40 ...Nh4+
41. gxh4 Qg4+
42. Kf1 Qh3+
43. Qg2 Qd3+
44. Kg1 Re1+
45. Qf1 Qxf1#

Sep-25-08  Kasputin: Okay, I got this, but in my little sub-variation (where the rook takes the white queen instead of QxQ), I wrote: <45 ...Rxf1+; 46. Kg2 Qxc4; 47. d7 (or 47. b6 Qxa6) Rd1; 48. Rxa7 Qg4+ and then ...Rxd7> but 48 ...Qg4 is mate actually.
Sep-25-08  Kings Indian: Too easy for Thursday.

What makes it easy is a forced line seems paramount.

The white queen falling on her sword accomplishes nothing but stalling the inevitable by one move.

Sep-25-08  lost in space: Another day, another day were I am very late.

This is an easy one:

40...Nh4+ 41. gxh4
other moves are even worse: 41. Kf1 Qh3+ 42. Kg1 Re1#; or 41. Kh1 Re1#

41... Qg4+ 42. Kf1
all other moves: mate in one

42...Qh3+ 43. Qg2 Qd3+ 44. Kg1 Re1+ 45. Qf1 Qxf1#

In the meantime I am missing the weekends, were I complained not long ago to waste my time.

:-)

Sep-25-08  Woody Wood Pusher: 40..Nh4+ with mate. Did anybody else try to get Ne3+ to work? No? me neither lol
Sep-25-08  TheaN: TheaN: 3/3

Once again.... Thursday? This is not a very varied solution and not hard to spot.

<40....?>

White: a4, b5, d6, f2, g3, h2, Nc4, Ra6, Qd5, Kg2

Black: a7, c5, f7, g6, h7, Nf5, Re8, Qd7, Kg7

Material: +♙

Characteristics:

Strategy
1) White has a very healthy passed pawn extra.

2) Both White and Black have quite some space, but Black has a loose position and doesn't seem to be able to use his space.

3) Both White and Black have active pieces: all pieces, except for Ra6.

4) White's Ra6 is the only inactive piece otb, but it's not bad after a potential Rc6.

5) White controls the passed pawn d-file, but it΄s blocked. Black's control of the open e-file is extremely crucial in this position.

6) White΄s pawn chain is pretty secure, as the b-pawn (the extra pawn) supports a6. Only d6 is an isolated pawn, but dangerous and well defended. The King side is safe. Black's pawn chain on the queen side is rubbish having lost the b-pawn. Both a7 and c5 are very weak. The king side is identical to White's.

Tactics:
1) White can check with Qd4†, Qe5† and Qxf7†: important here is the power of the centralized Queen. Black can check with Ne3†, a royal fork, and Nh4†.

2) White's King seems safe but has relatively weak light squares around him. Black's King has the same problem around the black squares, but those aren't as weak as White's light squares.

3) White nor Black has loose pieces. All pieces are adequately defended. Pc5 is in though, and there's little Black can do.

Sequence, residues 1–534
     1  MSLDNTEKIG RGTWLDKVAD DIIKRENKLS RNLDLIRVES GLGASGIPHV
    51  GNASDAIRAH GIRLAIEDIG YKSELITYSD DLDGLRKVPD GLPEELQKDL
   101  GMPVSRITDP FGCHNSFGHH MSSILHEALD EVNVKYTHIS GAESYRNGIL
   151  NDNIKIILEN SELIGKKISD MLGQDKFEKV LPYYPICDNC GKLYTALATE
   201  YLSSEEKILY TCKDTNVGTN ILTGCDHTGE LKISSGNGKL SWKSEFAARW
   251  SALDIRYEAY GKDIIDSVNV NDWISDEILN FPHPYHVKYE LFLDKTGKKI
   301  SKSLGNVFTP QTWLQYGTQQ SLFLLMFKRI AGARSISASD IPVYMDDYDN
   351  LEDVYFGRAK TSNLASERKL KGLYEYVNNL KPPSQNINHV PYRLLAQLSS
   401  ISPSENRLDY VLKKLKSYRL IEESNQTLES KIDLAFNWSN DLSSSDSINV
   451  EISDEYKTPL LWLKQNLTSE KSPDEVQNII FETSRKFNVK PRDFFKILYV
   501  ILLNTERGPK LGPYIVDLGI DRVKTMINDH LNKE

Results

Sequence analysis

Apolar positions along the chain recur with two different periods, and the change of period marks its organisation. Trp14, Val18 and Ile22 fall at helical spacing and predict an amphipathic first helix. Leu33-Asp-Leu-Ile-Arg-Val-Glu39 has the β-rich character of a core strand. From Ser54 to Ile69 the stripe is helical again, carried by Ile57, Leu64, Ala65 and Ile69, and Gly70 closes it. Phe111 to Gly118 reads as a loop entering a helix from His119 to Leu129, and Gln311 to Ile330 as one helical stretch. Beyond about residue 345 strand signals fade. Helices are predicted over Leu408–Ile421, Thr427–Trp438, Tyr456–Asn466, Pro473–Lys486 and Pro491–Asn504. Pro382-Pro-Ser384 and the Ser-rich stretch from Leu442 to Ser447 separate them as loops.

4) White's Pd6 is pinned to Qd7, but it is not going to move for any reason. Black endures no pins.

5) White nor Black have potential skewers.

6) White nor Black have potential discoveries.

Candidates: Ne3†, Nh4†

-ML-
The position's characteristics shows that White is actually more active and has a pawn more, so Black wants to attack the only weakness White has and use his own strength: light squares around the White King, and the Rook's e-file. This works perfectly with the clearance sac, actually leading to mate.

<40....Nh4†!> we enter, once again (see yesterday), a completely forced sequence here. All variations lead to mate.

/A\
<41.Kg1/Kh1 Re1‡ 0-1>

/B\
<41.Kf1 Qh3† 42.Kg1 Re1‡ 0-1>

/C\
<41.gxh4 Qg4† 42.Kf1 (Kh1 Re1‡ 0-1) Qh3† 43.Qg2 (Kg1 Re1‡ 0-1) Qd3† 44.Kg1 Re1† 45.Qf1 Qxf1‡ 0-1>

Sep-25-08  niemzo: I got the puzzle, but the real question is, which would be the best move for white at move 40. Does he have a won position?
Sep-25-08  BlackWaive: Thursday.

Candidate Moves: ♘h4+

...I almost got it. I missed the ♕g2 interposition.

I don't think I would have seen it in a blitz game.

Sep-25-08  Manic: Well, I spent 20 minutes trying to solve this for white to win, seeing that there were like 15 solutions I was like what the hell.
Sep-25-08  VooDooMoves: <niemzo> I like 40. Rc6, not only attacking the c-pawn but also preparing to break the blockade on the passed d-pawn. The white queen does well on d3 as 40...Nh4+? 41. gxh4 Qg4+ 42. Qg3 and black has a lost game. Only goes to show you, when you have the better position you have to be on your guard!
Sep-25-08
Premium Chessgames Member
  Domdaniel: R Garcia vs S Schweber, 2001 is another brilliant finish by Garcia.
Sep-25-08  zanza: Missing 43. ..., Qd3+... Just considered 43. ..., Re1+; 44. Kxe1, Qxg2. But this is simply winning!
Sep-25-08  bakuazer: got it. easy, of course; but nice; yesterday's puzzle was nice too. 4/4 so far, looking forward for 7/7 :)

Sep-25-08  I Offer You A Resign: Today's puzzle was pretty easy... at least for me.

After Nh4+, if gxh4, Qg4+ really stands out!
And then you notice if Kf1, Qh3+, Qg2 followed by Re1+, Kxe1 and Qxg2, and you sort of have an advantage (am I missing something here?)

Anyway, it's easier than most Thursday puzzles.

Sep-26-08  Kasputin: <Manic: Well, I spent 20 minutes trying to solve this for white to win, seeing that there were like 15 solutions I was like what the hell.>

Only trouble is that it is black's move, not white's.